United States Attorney General Eric Holder has had to use his powers under the Voting Rights Act of 1965 to intervene with prohibitive new voting laws in Texas that would have required voters to show government-issued identification at the polls during this coming election. The Justice Department ruled that Texas law would disproportionately deny Hispanics and other marginalized populations the right to vote—a frequent concern about such “strict” voter ID laws. Texas is among 16 states and counties that are required by Section 5 of the Voting Rights Act to obtain federal “pre-clearance” of new voting laws that could affect minorities. The law was enacted in the Civil Rights era as a way of protecting the voting rights of African Americans and other marginalized groups. But as we mentioned in an earlier post, there are now countless new voting laws being implemented all over the country in an attempt to restrict minorities, especially Hispanics and other immigrant groups, from voting—Texas is not the only one. In fact, this law that was blocked is just one of a number of restrictive voter ID laws.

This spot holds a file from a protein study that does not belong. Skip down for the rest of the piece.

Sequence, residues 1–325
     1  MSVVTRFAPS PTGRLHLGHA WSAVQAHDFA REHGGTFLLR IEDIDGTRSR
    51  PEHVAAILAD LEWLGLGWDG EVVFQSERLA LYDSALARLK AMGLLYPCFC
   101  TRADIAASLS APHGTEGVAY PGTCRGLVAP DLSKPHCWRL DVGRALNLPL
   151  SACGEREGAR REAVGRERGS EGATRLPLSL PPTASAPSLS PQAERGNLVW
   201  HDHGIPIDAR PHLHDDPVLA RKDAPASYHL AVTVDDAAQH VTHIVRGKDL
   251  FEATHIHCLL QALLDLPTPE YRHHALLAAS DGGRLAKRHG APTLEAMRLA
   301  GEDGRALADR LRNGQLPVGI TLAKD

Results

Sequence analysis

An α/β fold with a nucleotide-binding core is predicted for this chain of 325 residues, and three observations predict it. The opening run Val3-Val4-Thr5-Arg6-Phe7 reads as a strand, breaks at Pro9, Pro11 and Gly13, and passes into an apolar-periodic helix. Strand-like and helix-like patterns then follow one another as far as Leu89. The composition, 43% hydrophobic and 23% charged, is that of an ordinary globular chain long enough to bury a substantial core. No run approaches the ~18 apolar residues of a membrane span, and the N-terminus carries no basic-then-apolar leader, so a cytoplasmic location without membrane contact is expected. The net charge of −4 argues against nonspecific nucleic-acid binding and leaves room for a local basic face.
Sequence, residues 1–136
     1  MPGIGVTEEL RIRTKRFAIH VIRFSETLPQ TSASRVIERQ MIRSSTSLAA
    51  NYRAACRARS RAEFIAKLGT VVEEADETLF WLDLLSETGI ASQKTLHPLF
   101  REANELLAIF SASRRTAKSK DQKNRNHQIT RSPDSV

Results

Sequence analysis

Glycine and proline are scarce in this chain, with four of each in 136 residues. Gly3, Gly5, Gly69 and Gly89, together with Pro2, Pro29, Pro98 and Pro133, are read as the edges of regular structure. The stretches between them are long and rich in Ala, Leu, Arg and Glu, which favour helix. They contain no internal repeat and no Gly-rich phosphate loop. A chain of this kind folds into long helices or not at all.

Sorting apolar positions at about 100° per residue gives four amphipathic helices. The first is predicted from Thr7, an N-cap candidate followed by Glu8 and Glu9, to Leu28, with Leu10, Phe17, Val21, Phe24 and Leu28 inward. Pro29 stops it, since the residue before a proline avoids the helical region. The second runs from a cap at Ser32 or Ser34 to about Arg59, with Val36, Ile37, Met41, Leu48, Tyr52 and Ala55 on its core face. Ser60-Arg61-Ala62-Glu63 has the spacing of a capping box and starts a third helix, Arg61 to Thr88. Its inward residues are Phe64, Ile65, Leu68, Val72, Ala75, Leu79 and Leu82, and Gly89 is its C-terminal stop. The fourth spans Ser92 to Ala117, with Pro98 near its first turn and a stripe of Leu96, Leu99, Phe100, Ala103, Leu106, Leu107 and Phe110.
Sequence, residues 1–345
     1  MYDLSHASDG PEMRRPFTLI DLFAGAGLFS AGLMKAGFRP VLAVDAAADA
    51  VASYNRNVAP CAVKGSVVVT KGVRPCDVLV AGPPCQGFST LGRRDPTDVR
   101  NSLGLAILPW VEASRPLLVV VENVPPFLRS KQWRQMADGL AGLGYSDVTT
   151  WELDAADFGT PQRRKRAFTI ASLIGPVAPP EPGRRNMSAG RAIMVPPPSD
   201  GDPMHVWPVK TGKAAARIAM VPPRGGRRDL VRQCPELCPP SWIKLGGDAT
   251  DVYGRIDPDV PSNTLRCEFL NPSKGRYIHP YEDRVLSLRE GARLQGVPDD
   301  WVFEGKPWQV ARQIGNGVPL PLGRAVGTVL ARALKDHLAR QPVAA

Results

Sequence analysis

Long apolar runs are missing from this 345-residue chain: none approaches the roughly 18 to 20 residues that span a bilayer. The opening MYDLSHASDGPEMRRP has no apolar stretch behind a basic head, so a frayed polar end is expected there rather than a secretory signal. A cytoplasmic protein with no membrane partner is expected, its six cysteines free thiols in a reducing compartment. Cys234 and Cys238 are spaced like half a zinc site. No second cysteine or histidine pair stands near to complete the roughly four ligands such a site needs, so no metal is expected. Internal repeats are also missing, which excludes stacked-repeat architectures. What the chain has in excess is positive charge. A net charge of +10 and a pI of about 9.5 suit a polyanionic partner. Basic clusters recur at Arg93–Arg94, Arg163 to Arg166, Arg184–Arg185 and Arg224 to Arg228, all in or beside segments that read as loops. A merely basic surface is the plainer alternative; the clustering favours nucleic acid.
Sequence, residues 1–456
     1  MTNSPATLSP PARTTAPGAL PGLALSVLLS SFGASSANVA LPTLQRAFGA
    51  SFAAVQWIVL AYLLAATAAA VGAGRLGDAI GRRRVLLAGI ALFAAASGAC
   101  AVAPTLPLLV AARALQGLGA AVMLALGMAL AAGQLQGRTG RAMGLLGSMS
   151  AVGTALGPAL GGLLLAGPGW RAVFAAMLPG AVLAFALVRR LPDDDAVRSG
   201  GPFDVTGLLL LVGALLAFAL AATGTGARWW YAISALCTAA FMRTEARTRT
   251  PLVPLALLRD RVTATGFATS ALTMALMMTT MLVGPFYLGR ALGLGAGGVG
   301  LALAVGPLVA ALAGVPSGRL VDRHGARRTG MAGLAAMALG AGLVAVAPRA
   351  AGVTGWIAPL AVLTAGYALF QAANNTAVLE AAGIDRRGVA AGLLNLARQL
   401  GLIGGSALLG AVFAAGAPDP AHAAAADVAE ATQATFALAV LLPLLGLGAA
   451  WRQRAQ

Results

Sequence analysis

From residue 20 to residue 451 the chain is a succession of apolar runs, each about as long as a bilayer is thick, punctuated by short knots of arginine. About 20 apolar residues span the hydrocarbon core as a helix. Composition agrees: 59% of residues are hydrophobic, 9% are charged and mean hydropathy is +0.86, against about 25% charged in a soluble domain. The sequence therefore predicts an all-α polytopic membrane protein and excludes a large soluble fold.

The laws have raised red flags of concern from voting rights and civil rights groups who say they are a barrier to the polls for women, African Americans, Latinos, students, low-income voters, the elderly and people with disabilities. In the case of women, the millions who change their names as is customary after getting married or divorced could face problems updating documentation because it takes time and money that many women, especially those with low-income, do not have. According to the Brennan Center, only 66% of voting-age women have ready access to proof-of-citizenship documentation with their current legal name. Interestingly enough, before 2011, only two states exclusively required government-issued IDs for voting while the rest accepted various forms of ID, including student IDs, Social Security cards, utility bills and bank statements. But last year, 34 state legislatures, mostly Republican-led, introduced strict ID laws, and seven states—Alabama, Kansas, Rhode Island, South Carolina, Tennessee, Texas and Wisconsin—passed them into law. Just like Texas, South Carolina is also covered by Section 5 of the Voting Rights Act and the Justice Department recently struck down their new strict ID law for the same reasons.